Camp Fire search efforts intensify with more than 600 people reported missing

The death toll from the Camp Fire rose to 63 people and the number of people missing spiked to more than 600.

(CNN) — As the death toll from the Camp Fire rose to 63 people and the number of people missing spiked to more than 600, rescue workers searching for human remains in the wreckage hope hundreds of people who are still unaccounted for after the blaze are still alive.

“A lot of people are displaced, and a lot of people don’t know we’re looking for them,” Butte County Sheriff and Coroner Kory Honea said late Thursday.

The dramatic rise in the number of unaccounted for came after authorities combed through a week of 911 calls and incident reports. Combined with relatives who have reported loved ones missing, investigators are now looking into reports of 631 people who are possibly missing.

“You have to understand, this is a dynamic list,” Honea said. “Some days might be less people, some days might be more people, but my hope at the end of the day, we have accounted for everybody. ”

A week after two major wildfires sparked at both ends of the Golden State, the total death toll has increased to 66, fire officials said.

The Camp Fire — now the deadliest and most destructive wildfire in the state — has left 63 people dead, destroyed about 9,700 homes and scorched 141,000 acres. By Thursday night, it was 40% contained.

Hundreds of deputies, National Guard troops and coroners are sifting through leveled homes and mangled cars for human remains.

“They are going to be searching vehicles that have been burned. They’ll be searching residences that have been burned. Checking around the residences … our mission is to find the victims from this fire, recover them and get them identified and notify the families to give them some answers,” Butte County Sheriff’s Investigations Sgt. Steve Collins said.

President Donald Trump is expected to visit the region Saturday as firefighters continue battling the blaze.

More than 230,000 acres burned in California in the past week. That’s larger than the cities of Chicago and Boston combined. And in 30 days, firefighters have battled more than 500 blazes, said Cal Fire, the state’s forestry and fire protection agency.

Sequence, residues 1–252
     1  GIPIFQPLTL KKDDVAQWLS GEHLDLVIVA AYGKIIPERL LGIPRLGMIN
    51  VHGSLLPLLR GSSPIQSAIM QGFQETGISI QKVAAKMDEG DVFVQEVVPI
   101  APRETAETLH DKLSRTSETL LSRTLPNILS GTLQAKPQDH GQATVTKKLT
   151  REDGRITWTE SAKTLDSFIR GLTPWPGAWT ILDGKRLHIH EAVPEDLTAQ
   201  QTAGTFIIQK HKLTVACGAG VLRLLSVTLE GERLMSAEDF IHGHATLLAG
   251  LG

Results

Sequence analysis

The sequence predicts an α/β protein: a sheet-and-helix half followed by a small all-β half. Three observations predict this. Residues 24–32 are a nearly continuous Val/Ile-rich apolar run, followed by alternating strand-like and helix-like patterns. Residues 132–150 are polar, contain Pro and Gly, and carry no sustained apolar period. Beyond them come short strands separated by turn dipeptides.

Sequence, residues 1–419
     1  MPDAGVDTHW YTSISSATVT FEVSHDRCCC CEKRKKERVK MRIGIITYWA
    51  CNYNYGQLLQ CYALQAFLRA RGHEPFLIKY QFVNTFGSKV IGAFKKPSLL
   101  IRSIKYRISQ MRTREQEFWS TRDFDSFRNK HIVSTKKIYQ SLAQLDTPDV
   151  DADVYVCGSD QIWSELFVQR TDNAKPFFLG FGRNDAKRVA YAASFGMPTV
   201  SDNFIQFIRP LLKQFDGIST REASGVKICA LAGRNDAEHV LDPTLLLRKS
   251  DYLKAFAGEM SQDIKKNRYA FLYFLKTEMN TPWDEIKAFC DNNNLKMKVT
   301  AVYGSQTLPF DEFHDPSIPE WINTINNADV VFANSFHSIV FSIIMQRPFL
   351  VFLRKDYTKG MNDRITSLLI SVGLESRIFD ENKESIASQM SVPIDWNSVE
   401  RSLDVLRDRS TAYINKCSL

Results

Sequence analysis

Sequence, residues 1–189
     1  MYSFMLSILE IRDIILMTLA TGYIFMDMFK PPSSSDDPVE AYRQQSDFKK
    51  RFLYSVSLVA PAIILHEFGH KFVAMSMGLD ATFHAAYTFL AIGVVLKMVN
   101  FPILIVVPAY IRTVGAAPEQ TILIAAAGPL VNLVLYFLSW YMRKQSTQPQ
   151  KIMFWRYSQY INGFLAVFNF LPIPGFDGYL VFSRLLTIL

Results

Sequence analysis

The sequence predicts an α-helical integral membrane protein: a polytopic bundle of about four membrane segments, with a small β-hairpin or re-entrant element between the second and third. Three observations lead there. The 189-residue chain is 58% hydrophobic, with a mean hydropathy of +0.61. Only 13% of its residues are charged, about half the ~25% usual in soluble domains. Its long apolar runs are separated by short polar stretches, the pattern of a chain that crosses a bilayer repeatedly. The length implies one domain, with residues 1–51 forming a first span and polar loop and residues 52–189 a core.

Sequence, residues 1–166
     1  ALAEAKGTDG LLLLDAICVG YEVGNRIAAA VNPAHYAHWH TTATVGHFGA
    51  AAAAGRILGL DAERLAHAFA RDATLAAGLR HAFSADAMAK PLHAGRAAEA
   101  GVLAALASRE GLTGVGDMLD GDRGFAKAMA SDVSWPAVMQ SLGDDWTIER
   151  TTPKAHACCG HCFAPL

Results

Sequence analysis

The number of names on the missing list for the Camp Fire soared Thursday, but authorities say they are still struggling to confirm whether all of them are still unaccounted.

The cell phone service is unreliable and evacuees have not reached out to relatives and others don’t know they were reported missing.

Housing shortage

Families who lost their homes in the fires are going to have a very hard time finding a place to live, Butte County Housing Authority Executive Director Ed Mayer said.

“We just had 10% of our county’s housing stock erased in one day; it’s hard to convey the significance of that,” he said.

A Walmart in Chico has a parking lot full of vehicles, including motor homes, in which people are living, often running the heat in their cars and trucks all night. Other people are staying in tents.

“It’s been a week and people have been great, but I don’t know how long it’s going to last,” Mayer said. “Short-term, we are fine, but long-term we are not.”

One of the selling points of Paradise was its affordable housing, but that’s been erased, Mayer said.

“And there is nothing to replace it” for low-income families, he said.

Adding to the misery for evacuees, officials confirmed an outbreak of norovirus at a shelter in Chico that has sickened 21 people. The stomach bug causes vomiting, nausea and diarrhea.